CIL was a very successful insurance company for many years and operated throughout the Caribbean. It was a subsidiary of CLICO Holdings (Barbados) Ltd (“CHBL”) and part of the wider CLICO group of which the ultimate parent company was CL Financial Ltd (“CLFL”), a Trinidad-based insurance conglomerate. From about January 2009, several of the companies in the group began to endure significant financial stress and, on 14 April 2011, the High Court, upon the application of CIL, appointed Deloitte Consulting Ltd (“DCL”), acting through Messrs Oliver Jordan and Patrick Toppin (“PT”), to act as JM of CIL. Mr. Jordan has since resigned from DCL, leaving PT as the sole JM. The Court's Order was based on sections 56 through 70 of the Insurance Act, Cap 310 of the Laws of Barbados. On 29 April 2011, the Court issued a Directions Order which set out the JM's authority and directed that an interim report be submitted within 30 days of the date of the Order. Submitted into evidence during the hearing were two Forensic Reports, one as of 5 December 2011 and the other as of 21 June 2013.


The first defendant (LCP) had been CIL's President and Chief Executive Officer for many years immediately preceding his retirement after some 34 years in the insurance field. As President, he had responsibility for the company's operations in Barbados and the Eastern Caribbean. There is no gainsaying that the financial success enjoyed by CIL was due in no mean measure to LCP's business acumen in the insurance field. He is also presently a director, along with his wife Faye Wharton-Parris (“FWP”), of the second defendant, Branlee Consulting Services Inc (“BCS”).


The third defendant is the Estate of David Thompson QC, late Prime Minister of Barbados and former principal of the law firm of David Thompson & Associates [DT&A], which had acted on behalf of both CIL and LCP on numerous occasions prior to the group running into financial difficulty. Central to CIL's claim was an invoice for legal fees for services purportedly performed for CIL, and the transfer to LCP, as a gratuity, of the legal fees once received by the law firm.


By letter dated 5 December 2002, Mr. Lawrence A. Duprey (“LAD”), the chairman of the board of directors of CLFL, the overall parent company of the Clico group of companies, wrote to LCP as follows:

December 5, 2002

Mr. Leroy Parris


CLICO Holdings (Barbados) Limited

Whitepark Road



Dear Mr. Parris,

You have made a verbal application to me to arrange some sort of lump sum reward for the work you have done in growing the asset base of CLICO Holdings (Barbados) Limited and transforming CLICO International Life Insurance Company Limited and CLICO International General Insurance Company Limited into profitable companies.

I have considered your application and I will make the following financial arrangement for you. The commitment of CLFL is conveyed in this letter and I have expressed my prerogative as Chairman to do so. CLICO Holdings (Barbados) Limited will pay you five million United States Dollars (US$5,000,000) IN A TAX EFFECTIVE FORM under the following conditions:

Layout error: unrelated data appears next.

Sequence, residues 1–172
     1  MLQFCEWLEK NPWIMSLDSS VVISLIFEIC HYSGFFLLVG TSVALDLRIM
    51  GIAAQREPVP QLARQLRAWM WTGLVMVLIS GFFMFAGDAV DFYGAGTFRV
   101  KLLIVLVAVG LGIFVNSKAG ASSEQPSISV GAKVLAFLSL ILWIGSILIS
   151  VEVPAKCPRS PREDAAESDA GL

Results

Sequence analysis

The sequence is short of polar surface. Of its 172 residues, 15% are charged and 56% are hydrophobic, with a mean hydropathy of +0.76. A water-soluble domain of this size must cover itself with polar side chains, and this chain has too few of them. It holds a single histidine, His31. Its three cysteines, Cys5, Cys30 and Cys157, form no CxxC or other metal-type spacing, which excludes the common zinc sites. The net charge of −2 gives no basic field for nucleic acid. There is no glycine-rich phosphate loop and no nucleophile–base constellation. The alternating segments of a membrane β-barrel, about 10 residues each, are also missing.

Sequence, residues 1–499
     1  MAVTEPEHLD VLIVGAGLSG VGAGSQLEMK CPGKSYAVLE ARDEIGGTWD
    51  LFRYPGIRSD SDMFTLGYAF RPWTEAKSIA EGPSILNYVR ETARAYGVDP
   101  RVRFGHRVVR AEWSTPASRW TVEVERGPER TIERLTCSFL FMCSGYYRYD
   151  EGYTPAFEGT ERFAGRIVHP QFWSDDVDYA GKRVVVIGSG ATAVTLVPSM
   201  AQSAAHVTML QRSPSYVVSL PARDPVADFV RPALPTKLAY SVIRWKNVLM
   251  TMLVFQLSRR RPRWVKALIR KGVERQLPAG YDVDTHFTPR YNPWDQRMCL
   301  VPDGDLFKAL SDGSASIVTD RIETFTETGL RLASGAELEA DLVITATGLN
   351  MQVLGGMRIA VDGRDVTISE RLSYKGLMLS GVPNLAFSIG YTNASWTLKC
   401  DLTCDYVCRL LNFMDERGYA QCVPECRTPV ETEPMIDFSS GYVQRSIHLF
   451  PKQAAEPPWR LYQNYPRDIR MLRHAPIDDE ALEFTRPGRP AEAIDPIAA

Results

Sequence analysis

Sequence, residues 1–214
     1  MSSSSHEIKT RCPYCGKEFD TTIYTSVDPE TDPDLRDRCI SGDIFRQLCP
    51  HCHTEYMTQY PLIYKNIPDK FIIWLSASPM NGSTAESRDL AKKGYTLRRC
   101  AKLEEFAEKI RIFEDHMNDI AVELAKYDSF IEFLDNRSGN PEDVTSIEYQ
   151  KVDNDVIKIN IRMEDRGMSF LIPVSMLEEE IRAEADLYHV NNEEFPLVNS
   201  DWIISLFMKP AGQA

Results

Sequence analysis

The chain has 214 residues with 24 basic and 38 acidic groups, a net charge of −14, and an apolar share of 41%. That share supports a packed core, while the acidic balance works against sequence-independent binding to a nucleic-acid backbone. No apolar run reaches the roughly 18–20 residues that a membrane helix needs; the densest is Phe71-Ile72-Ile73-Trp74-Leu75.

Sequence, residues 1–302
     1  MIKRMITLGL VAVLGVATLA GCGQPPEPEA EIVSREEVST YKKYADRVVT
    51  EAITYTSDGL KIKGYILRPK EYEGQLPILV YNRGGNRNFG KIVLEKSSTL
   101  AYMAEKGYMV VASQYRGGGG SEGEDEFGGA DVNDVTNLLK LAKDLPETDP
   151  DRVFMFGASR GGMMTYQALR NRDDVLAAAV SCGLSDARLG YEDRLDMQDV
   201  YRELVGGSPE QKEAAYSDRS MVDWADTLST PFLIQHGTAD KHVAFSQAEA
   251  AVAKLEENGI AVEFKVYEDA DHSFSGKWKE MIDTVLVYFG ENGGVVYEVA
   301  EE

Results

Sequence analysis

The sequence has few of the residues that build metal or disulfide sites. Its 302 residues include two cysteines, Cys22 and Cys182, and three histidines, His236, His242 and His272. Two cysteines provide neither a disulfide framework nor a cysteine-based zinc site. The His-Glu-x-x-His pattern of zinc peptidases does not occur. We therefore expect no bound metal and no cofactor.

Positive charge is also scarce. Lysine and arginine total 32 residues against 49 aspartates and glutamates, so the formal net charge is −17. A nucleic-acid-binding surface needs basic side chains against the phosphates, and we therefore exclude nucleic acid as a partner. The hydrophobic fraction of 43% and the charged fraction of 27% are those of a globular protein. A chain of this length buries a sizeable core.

• 1. Lawrence A. Duprey ceases to be Group Chairman.

  • 2. Leroy Parris ceases to be Chief Executive officer of CLICO Holdings (Barbados) Limited.

  • 3. We both are still active and hold our offices on December 31, 2010. Then this payment will be made to you in lump sum by January 31, 2011.

Terms and conditions of this agreement are between Leroy Parris, CEO, CLICO Holdings (Barbados) Limited and Lawrence A. Duprey, Chairman, CL Financial Limited and CLICO Holdings (Barbados) Limited.


Lawrence A. Duprey Chairman

CL Financial Limited.

(Emphasis added.)


The December 2002 agreement was put into more formal language by an agreement dated 15 May 2005 and made between CHBL, as “‘the employer’ which expression shall include where the context so admits its subsidiaries Clico International Life Insurance Limited, Clico International General Insurance Limited, Clico Mortgage and Finance Corporation, Todds Estates Limited, Clico Property Development Limited, Clermont Development Inc., Clico Financial Holdings Inc., Rodney Bay Limited, Clico Property Development (St. Lucia Limited), CL Financial Limited, and Professional Financial Services, Inc., whose registered office is at Dayrells Heights in the parish of St. Michael, hereinafter called ‘the employee’ which expression shall include where the context so admits its principal employee Leroy C. Parris and its agents assigned to perform tasks under the terms of this agreement.” The agreement was for a term of 10 years commencing on 15 May 2005.


Under the rubric “Remuneration and other benefits,” CHBL, as employer, agreed to pay to Professional Financial Services Inc., (“PFSI”), a company of which LCP was a director, “a basic annual salary of Three Hundred and Sixty Thousand dollars ($360,000.00) (or such increased basic rate as the parties may from time to time agree).” Clause 14 of the May 2005 agreement provided as follows:

The employer will pay to Professional Financial Services Inc. and/or Leroy Parris a gratuity of US$5,000,000.00 on the 15th of May 2008 in such manner as may be agreed between the parties on terms as set out but amended herein...